If you would really like to keep all the negative space on your card you might want to consider making a double sided card and keep the logo on one side and your contact information on the other.

Just a thought.
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Old August 21st, 2009, 09:45 AM   #7
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Also, the text on the bottom of the card is very "edgy". Normally stuff for print is designed using vector text so that it is infinitely scaleable. This is obviously raster based design.
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Old August 21st, 2009, 12:37 PM   #8
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Just wondering if the color gradient might be problematic in print - I guess it would depend on the process a lot.

High quality printing on top of the line paper can make anything look good, but business cards don't usually get as much tender loving care as fine art photos.

I'd be concerned about "steppiness" or "banding" in the gradient.

Of course, I could be full of ----!
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Old August 21st, 2009, 01:07 PM   #9
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I use GotPrint
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Old August 21st, 2009, 02:16 PM   #10
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Shaun is correct. RGB color space is only used when you're dealing with on-screen graphics and video because it's an additive color space (Red Green and Blue mixed together create White). Obviously, you can't mix inks or toners to create white. CMYK is used for printing all the time, even with your home printer. Your software and printer automatically adjust the colors to a CMYK scheme. Because of this, like Shaun said, that vibrant and bright blue will NOT look like that when you print it out. Super saturated colors in RGB will always appear more matted and dull when you print them out. Sorry, but it's a fact of life.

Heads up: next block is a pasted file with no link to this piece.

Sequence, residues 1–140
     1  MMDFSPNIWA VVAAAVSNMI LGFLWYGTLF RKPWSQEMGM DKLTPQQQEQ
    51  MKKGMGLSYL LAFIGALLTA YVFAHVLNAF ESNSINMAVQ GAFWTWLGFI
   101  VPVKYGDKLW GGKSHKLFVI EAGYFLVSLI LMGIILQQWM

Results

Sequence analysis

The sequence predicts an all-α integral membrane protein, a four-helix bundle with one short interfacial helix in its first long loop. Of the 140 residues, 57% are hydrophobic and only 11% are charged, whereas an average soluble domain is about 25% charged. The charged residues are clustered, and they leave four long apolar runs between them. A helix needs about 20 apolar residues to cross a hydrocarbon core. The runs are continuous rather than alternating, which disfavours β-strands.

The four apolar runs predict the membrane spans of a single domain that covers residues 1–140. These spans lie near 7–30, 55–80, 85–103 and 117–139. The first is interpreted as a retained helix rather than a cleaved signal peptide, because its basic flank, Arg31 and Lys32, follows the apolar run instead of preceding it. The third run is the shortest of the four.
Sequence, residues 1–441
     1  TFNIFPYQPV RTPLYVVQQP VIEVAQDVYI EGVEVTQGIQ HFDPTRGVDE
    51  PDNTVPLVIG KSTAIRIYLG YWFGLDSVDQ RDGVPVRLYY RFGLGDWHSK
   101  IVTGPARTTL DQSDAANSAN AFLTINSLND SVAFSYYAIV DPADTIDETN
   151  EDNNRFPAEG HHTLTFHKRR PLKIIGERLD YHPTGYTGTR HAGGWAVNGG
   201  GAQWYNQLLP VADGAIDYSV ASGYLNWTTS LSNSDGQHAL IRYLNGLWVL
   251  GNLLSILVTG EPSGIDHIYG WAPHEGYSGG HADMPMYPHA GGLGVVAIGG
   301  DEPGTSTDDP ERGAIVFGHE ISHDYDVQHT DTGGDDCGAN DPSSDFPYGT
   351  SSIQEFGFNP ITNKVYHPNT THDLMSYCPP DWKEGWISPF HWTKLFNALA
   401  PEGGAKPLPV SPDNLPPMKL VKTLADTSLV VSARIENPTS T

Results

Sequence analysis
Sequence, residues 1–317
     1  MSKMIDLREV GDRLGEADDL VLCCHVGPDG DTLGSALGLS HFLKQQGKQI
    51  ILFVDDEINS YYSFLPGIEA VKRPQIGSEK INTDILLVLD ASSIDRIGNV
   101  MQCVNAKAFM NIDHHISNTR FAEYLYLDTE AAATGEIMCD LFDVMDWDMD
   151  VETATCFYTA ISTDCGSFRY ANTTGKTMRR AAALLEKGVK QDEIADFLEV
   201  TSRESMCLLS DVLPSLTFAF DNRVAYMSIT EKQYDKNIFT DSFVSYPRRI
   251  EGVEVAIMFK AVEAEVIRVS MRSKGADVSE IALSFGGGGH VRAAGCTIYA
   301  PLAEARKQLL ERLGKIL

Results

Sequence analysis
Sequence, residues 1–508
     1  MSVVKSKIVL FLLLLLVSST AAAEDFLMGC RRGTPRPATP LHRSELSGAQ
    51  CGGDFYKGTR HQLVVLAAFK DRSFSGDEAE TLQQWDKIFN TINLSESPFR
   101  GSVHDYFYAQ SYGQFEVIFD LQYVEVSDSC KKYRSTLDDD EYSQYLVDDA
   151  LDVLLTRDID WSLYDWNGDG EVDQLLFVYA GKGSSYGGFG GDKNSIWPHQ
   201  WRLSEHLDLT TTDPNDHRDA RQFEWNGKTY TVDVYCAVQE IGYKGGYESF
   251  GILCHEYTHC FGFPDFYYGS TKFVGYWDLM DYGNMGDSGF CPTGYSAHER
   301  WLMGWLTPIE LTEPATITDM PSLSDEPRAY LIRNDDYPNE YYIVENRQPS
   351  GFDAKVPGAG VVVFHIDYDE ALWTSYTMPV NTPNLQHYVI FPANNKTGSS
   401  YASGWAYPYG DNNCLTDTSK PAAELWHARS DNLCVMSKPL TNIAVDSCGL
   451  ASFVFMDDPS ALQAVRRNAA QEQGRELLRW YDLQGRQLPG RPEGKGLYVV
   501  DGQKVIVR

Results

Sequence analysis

As far as banding in your gradient, It shouldn't be an issue unless you're printing these things on the cheap on shoddy printers. Also, you can avoid unwanted artifacts by following the directions on how to properly save and upload your file. Obviously, there will be issues if you save as a JPEG with low/medium quality settings.

I will second Corey for GotPrint . They do good work, and they're usually a little less expensive than Vista Print. Another company that creates awesome cards is Taste of Ink Design and Print Studios : The Specialty Printer. Innovative Print and Logo Design. SEO and Website Design. Powering the World of Ecommerce. . They cost a little more, but the results are, in my opinion, much more impressive.